Detailed Findings & Methodology
Leaders of absolute monarchies and of a number of constitutional monarchies are generally among the wealthiest people on the planet. However, they were excluded from this list because incomes of sultans, emirs, and kings are frequently not available.
When looking at relatively wealthy parliamentary democracies, the national governments are often organized differently from one another. While many countries have both a head of state and a head of government — a president and a prime minister, for example — the position that holds the greater power depends on the nation.
In France, the president is the head of state and holds more power than the head of government, who is the prime minister. The hierarchy is reversed in Germany, where the head of government is the chancellor, who holds the highest position of power over the country’s president.
Even if a country’s leaders are living like kings compared to their citizens, a government salary can’t compare with that of a chief executive officer in the private sector. Some leaders on this list entered government service from more lucrative careers in the business, legal, and entertainment worlds. Some are so rich that they forgo their salaries.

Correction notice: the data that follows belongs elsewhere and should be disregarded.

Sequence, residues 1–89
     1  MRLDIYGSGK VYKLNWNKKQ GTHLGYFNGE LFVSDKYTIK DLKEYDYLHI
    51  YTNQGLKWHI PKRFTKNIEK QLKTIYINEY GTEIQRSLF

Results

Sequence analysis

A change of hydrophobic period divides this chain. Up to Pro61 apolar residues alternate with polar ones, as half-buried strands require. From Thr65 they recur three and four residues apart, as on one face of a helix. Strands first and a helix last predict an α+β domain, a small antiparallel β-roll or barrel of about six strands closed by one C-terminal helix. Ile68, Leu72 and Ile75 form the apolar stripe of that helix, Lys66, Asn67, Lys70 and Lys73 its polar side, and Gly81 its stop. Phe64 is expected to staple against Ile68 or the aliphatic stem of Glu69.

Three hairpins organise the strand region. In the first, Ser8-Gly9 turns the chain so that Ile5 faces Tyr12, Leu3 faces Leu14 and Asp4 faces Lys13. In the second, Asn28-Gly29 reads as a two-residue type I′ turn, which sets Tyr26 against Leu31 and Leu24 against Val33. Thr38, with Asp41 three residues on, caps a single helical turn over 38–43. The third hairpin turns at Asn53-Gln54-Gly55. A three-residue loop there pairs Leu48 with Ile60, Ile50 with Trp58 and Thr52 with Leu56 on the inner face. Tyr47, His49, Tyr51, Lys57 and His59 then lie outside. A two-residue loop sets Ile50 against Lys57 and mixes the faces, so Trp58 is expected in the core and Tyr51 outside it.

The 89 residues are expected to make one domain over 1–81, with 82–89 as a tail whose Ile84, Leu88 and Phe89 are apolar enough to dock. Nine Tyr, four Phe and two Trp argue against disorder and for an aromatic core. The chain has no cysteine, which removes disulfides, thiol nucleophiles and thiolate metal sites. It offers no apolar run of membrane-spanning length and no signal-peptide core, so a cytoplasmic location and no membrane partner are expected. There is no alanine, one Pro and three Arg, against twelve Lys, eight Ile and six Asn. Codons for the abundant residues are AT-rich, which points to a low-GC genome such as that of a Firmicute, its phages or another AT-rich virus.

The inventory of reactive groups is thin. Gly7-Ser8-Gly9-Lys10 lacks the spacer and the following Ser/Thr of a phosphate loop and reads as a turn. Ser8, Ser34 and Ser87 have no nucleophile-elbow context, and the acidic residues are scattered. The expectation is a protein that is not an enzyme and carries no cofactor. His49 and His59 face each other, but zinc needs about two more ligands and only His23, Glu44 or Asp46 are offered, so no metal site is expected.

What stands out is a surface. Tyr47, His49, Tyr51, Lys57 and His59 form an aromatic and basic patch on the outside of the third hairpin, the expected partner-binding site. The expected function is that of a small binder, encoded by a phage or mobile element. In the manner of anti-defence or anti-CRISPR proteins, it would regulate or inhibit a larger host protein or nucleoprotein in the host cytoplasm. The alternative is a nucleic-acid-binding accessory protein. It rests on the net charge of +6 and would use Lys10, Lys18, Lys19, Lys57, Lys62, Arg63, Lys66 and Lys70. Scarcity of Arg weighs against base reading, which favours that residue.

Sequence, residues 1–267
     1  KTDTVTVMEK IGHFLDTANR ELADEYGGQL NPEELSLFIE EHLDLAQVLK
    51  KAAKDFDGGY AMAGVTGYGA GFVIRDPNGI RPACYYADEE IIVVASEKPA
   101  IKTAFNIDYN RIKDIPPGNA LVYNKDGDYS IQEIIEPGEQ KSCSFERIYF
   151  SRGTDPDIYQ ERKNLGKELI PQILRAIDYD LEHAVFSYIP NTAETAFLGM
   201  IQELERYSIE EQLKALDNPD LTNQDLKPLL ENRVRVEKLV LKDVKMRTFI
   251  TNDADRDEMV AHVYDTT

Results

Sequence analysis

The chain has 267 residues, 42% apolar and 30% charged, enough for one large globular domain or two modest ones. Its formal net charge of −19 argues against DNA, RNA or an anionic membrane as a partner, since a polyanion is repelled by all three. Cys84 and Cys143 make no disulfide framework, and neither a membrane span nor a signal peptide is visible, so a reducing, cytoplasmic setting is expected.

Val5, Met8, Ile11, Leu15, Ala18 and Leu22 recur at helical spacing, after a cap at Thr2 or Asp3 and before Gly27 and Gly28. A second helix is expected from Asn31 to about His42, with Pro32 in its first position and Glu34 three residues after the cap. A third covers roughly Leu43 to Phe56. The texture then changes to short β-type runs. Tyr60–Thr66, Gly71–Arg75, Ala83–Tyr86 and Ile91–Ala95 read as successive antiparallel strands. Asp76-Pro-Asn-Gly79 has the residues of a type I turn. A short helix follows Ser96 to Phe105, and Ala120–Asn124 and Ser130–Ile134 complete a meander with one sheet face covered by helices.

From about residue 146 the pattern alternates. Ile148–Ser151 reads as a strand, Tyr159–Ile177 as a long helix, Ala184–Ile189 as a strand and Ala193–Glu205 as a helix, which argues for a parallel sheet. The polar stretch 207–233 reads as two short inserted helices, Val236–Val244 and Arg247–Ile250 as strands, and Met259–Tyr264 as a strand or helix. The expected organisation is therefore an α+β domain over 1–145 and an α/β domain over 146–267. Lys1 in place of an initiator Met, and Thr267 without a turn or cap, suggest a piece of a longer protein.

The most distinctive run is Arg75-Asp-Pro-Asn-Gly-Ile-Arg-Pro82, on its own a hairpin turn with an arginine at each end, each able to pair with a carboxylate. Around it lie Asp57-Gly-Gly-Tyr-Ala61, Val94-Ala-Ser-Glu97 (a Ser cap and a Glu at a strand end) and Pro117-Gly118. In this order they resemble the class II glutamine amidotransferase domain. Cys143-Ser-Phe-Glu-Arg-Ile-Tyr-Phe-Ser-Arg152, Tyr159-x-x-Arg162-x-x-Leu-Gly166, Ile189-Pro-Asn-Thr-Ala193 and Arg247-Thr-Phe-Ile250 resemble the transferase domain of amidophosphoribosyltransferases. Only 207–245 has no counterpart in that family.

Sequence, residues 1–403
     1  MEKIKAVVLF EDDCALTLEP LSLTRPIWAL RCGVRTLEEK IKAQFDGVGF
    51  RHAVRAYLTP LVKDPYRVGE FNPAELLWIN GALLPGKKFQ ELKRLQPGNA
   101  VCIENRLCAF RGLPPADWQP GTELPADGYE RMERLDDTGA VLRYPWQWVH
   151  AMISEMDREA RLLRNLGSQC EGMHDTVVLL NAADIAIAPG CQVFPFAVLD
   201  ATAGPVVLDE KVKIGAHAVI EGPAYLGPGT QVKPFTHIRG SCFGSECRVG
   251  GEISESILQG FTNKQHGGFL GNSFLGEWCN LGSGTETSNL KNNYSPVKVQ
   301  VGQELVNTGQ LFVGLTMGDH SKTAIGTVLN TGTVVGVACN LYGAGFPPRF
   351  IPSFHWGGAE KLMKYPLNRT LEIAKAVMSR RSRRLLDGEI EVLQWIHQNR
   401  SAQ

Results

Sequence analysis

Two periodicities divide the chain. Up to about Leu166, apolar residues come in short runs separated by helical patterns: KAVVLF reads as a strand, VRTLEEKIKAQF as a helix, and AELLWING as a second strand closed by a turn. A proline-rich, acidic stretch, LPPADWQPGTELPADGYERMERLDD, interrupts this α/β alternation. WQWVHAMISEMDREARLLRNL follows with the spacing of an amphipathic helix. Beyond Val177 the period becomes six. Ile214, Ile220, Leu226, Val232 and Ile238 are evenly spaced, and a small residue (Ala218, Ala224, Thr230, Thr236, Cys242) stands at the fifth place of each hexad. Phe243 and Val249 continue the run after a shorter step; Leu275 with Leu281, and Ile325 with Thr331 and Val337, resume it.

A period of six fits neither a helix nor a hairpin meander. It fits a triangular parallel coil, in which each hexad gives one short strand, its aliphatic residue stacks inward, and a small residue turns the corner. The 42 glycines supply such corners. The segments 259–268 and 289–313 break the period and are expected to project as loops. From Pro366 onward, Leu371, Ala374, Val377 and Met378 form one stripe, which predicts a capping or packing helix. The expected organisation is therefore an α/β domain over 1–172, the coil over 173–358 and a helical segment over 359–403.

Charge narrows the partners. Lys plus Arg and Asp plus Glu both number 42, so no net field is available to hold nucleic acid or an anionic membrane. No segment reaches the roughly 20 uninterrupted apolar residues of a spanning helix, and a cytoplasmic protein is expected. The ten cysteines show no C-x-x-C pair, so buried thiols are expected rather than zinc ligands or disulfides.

Even so, world leaders typically receive perks during their time in office — from security to travel expenses. And a nation’s leader is almost always provided a residence maintained with taxpayer money. As we’ve seen with former U.S. presidents and British prime ministers, they earn their biggest bucks after leaving office through lucrative book deals and speaking engagements.
24/7 Wall St. reviewed publicly available annual compensation figures for the 20 highest-paid leaders in the world as calculated by the International Monetary Fund. Salaries are expressed in U.S. dollars that were converted from country of origin currencies as of April 13, 2018. Leaders of absolute monarchies such as Qatar, Brunei Darussalam, and Saudi Arabia were excluded from our list. Constitutional monarchies were included, except where the highest ranking officials have the power to appoint the government. In such cases, including Kuwait, Bahrain, and United Arab Emirates, state leadership compensation often is not publicly disclosed. The head of state is by definition the highest-ranking official in a sovereign nation. However, in cases where the head of government is paid a higher salary, she or he was listed instead. The identities and dates of election or appointment of these leaders were obtained from CIA World Factbook, national government websites, or media sources.